The sky doesn’t look promising


    Four Mile Island

    Not much had changed by next morning, so we were reluctant to surface from our sleeping bags, and there didn’t seem any reason to rush our breakfast of fried eggs and crumpets. Then we went to sleep again. I have never seen such unpredictable wind conditions. It would go from paddleable to raging in just a couple of minutes, but without the kind of regularity that you often see. To make matters worse, it was a cross-wind that would make any foray up or down the loch into a broadside nightmare.


    Sometime during the morning our wavering about what to do hardened into the decision to head back to the van rather than try to venture on towards Loch Sionascaig, with the possibility of getting even more stuck. Lulls in the wind came and went. We packed up and waited by the canoe. By the time we had left it long enough to believe that a particular lull would persist, the wind was up again. Finally there seemed to be a calmer interlude, and the sky was brightening. We pushed off.


    Unfortunately, we had been deceived; the lull happened to be the final one of the day and lasted for all of 10 mins before big waves started hitting us broadside. We had paddled 600 yards. An insignificant island, which we had hardly noticed in the distance, now became the thing of central importance in our watery world as we thankfully headed for the shelter it provided on its lee side. Once there, we sat in the canoe wondering what had hit us. The island was precisely four miles from our starting point. I looked it over more closely; it was very small and undulating, but covered with birches. It might not have fulfilled the classic advice from the early 1900s when choosing a place to camp to make sure that there is “sufficient lumber to make tables and chairs”, but there were enough trees to help shield us from the wind. There was just something about it that called me in to explore. Against all the odds I found a dryish, flat and springy area masquerading as a patch of bracken that was almost completely protected from the wind by a small bank. It seemed scarcely possible. I called James in and we immediately decided to set up camp. It was so much better than the last place, so apart from setting a new distance record for a day’s paddling, we had at least achieved something by moving. Our tarp was soon up in the trees, and we were joking about this and that as we set about our respective tasks in setting up camp. This was the real reason we had come. Quality time together.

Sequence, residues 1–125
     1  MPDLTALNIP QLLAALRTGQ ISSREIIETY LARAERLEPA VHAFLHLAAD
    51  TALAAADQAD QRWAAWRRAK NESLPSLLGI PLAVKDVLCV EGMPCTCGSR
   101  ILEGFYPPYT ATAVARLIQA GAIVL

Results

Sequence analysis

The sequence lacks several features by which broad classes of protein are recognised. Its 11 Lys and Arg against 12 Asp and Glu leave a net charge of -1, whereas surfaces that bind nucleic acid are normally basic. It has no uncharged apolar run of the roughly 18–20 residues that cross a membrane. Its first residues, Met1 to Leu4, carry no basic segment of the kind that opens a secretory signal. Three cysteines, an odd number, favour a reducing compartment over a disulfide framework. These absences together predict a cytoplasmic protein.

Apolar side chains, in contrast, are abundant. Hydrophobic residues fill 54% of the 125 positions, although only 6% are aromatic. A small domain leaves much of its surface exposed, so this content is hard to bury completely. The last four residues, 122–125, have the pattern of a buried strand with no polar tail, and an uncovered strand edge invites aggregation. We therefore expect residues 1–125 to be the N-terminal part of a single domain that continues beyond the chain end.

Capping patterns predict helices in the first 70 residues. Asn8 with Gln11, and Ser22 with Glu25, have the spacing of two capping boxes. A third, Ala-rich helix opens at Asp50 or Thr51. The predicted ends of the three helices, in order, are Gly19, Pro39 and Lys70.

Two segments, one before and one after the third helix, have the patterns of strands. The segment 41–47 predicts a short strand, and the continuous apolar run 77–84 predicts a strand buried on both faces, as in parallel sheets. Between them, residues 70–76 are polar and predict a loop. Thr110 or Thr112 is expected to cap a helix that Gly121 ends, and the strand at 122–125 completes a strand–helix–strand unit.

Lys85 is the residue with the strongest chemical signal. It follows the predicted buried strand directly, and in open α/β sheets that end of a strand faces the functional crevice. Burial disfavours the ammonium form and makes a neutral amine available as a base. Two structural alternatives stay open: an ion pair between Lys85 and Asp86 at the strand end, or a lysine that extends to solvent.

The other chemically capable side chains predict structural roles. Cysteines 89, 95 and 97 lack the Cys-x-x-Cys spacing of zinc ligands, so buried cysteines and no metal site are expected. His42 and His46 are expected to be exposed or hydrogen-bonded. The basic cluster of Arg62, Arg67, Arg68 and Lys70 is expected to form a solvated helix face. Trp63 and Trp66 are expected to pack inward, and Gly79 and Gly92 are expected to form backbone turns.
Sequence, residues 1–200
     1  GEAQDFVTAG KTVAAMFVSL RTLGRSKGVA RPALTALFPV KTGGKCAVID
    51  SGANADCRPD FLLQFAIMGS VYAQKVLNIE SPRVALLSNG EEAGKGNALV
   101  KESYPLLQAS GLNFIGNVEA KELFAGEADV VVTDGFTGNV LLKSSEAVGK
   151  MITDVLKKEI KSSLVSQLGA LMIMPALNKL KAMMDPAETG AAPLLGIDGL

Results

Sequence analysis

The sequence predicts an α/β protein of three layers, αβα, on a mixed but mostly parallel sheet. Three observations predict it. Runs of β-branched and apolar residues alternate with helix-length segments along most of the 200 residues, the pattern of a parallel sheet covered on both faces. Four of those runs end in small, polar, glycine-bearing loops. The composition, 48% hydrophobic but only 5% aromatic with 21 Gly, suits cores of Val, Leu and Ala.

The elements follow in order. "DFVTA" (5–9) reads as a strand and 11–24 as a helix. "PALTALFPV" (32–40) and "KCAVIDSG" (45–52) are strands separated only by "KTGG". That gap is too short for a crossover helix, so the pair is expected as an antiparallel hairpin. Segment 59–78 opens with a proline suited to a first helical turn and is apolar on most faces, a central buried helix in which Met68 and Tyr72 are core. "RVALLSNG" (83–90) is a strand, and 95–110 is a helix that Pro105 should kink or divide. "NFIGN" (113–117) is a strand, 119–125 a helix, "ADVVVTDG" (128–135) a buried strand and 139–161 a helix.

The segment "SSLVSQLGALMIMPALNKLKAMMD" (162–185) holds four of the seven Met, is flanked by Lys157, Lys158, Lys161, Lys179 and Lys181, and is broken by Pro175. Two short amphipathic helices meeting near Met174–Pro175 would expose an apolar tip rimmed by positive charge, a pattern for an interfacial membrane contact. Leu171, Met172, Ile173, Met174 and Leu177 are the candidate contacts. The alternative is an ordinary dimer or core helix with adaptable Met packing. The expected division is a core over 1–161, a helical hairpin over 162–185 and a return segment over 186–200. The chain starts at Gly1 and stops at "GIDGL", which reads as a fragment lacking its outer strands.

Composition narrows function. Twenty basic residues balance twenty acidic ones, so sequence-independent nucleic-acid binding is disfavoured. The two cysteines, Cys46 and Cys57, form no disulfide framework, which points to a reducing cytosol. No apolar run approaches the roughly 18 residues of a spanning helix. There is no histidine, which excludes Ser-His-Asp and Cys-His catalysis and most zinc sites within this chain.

Safely set up on Four Mile Island




    Life in the raw


    Now we had an almost ridiculously comfortable and sheltered camp (“more comfortable than the camper”) where we could sit out the wind for as long as necessary, although hopefully it wouldn’t be as long as for a trapper on Great Bear Lake, in the Northwest Territories, who was pinned down by a ferocious east wind for 63 days. In anticipation of being windbound, we had brought with us Inverpolly: The Board Game, so regardless of what the weather was doing we could continue to have all the fun of canoe tripping (probably more) inside our tent.



    Who needs water


    Canoe tripping is a rough sport that will eventually find any weakness in your gear. We broke yet another plastic Spork; it’s a good job we had brought a couple of spares. As they break we are replacing them with titanium ones. We carried our food in snap-top plastic boxes which worked fine at home, but now it was almost impossible to get the tops off as the temperature fell and the plastic stiffened. Then there is the problem of head torches turning themselves on in your pack and running down the batteries. I had brought a little innovation to eliminate the risk of this happening. It is a clip made from white PVC waste pipe that slips on over the “On” button protecting it from an accidental press. PVC pipe is one of life’s good things. If necessity is the mother of invention, then PVC pipe is like perhaps a cousin, or maybe an uncle. My GoPro mounts are made from it. I always carry a short piece which can be used to join two light poles for propping up the tarp. I have even been challenged to use it to construct a plumbing system for tents so that gentlemen are freed from the bothersome chore of getting up in the middle of the night.